The ranks of self-employed and part-time workers continue to swell as patterns of work shift more to contract and freelance assignments. While many people enjoy the freedom and flexibility of this type of employment, there is usually no company pension to fall back on, income can be irregular, and workers must cover bills that employers typically pay, such as insurance.
In addition, putting away money for retirement can be a challenge.
Joe Barbieri, a fee-only financial planner in Toronto, finds that dealing with unpredictable income and cash flow is their greatest hurdle when saving for retirement.
Those employed in the so-called "gig" economy must determine their annual income minus expenses and come up with a budget that allows an annual surplus that can be earmarked for savings. "You will not know how much to save if you don't have this mastered," Mr. Barbieri says.
Because income for the self-employed can be higher in some years than others, they should focus on maximizing their contributions to registered retirement savings plans (RRSPs) and tax-free savings accounts (TFSAs) whenever possible. It's a strategy that will lower taxes in high-earnings years and sweeten that retirement pot.
Even so, retirement planning may come with some harsh realities.
"There are people that you have to say, 'Your plan is not doable,'" says Sandi Martin, a fee-for-service financial planner at Spring Personal Finance in Gravenhurst, Ont. That stark truth confronts about a third of her self-employed clients, she says.
Some clients thus conclude they must take on more risk in their portfolios, a strategy that Ms. Martin views as directly contrary to what someone without steady employment should do.
"To me it is a dangerous game to say you should take more risk because you are behind the eight ball," she says. These people can't afford the potential losses that can come with higher risk investments.
Instead, they should take on less risk and concentrate on building an emergency reserve for unexpected large expenses or an inability to work for a period of time. They should also buy disability and critical illness insurance.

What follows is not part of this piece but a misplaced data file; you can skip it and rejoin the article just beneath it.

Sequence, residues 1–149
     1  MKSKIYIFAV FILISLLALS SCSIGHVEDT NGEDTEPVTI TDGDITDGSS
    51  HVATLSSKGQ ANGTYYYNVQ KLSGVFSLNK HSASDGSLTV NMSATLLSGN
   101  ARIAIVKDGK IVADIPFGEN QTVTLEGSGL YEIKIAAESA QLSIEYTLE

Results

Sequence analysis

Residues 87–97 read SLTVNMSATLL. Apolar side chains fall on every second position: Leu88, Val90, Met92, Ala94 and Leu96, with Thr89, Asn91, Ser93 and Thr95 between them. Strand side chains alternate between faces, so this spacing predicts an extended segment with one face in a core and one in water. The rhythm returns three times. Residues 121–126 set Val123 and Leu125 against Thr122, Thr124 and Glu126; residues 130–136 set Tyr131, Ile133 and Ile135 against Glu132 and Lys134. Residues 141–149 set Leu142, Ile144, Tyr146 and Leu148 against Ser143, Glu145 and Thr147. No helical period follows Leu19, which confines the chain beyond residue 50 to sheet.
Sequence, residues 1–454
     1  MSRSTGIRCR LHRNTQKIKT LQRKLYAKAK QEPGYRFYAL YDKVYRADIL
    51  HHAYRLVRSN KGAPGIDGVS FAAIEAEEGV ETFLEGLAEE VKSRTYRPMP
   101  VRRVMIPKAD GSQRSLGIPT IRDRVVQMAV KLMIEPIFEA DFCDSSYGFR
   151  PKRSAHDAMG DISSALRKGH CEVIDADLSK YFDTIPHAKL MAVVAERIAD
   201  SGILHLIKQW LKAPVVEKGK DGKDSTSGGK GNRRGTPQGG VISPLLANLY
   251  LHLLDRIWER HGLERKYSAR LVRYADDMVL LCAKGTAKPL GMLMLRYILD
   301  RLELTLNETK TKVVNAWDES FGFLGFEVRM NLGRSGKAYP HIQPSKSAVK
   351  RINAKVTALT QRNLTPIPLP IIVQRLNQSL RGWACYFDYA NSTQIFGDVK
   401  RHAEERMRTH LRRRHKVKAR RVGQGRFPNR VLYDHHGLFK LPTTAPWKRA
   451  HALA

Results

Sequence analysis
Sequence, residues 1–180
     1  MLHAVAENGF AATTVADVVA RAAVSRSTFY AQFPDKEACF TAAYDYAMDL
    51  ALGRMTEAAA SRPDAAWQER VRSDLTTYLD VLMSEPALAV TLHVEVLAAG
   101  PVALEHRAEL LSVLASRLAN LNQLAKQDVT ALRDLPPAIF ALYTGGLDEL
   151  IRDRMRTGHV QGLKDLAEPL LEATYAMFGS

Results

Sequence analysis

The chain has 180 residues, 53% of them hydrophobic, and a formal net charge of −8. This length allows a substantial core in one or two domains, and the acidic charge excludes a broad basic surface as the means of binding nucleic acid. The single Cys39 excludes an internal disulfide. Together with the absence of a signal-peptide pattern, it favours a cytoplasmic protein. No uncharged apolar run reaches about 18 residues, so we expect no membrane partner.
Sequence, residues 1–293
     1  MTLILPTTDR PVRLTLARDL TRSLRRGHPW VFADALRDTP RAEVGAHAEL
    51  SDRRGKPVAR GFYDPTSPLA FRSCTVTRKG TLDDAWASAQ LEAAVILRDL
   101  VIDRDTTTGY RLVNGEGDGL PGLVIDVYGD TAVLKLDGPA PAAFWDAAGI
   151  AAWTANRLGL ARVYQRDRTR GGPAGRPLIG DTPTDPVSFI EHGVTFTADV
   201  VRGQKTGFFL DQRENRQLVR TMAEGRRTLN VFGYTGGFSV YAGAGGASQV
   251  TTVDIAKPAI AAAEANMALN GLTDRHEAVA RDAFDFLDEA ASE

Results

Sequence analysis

When it comes to investing, her advice for self-employed and part-time workers is the same as for her other clients.
They should diversify as widely and cheaply as possible, and stay away from individual securities, which can rise and fall and swamp their portfolios. Consider exchange-traded funds (ETFs), which offer diversification at the lowest possible cost.
They should also consider automated online investing. "Most people don't have time to manage their money, a robo-adviser can do that for them," she says.
As for replacing the steady and reliable payouts of a pension, alternatives are limited. Annuities will work, but they are expensive for newly retired people, Ms. Martin says. She suggests clients wait until age 70 before considering an annuity.
She does not view her role as a lifestyle scold, but rather her job is to give clarity. She tells clients, "'If you spend the way that you spend, this is what retirement will probably look like for you. Are you okay with that?'"
If a client is not happy, he or she must acknowledge the lack of choices. "The only levers that you can pull is you can save more or you can spend less," Ms. Martin says. "But it is not my job to tell people this is the one you should pull."
On the other hand, Tom Feigs, a certified financial planner with Money Coaches Canada in Calgary, says his self-employed clients have many ways to deal with a retirement shortfall.
"I lay out options: more income, less spending, different income [sources], a change in your assets – sell your recreation property, things like that. There are usually several options."
The self-employed also have one lever available to them that full-time workers do not: They can earn more either by working harder, taking on more assignments and clients, or by expanding their service offerings.
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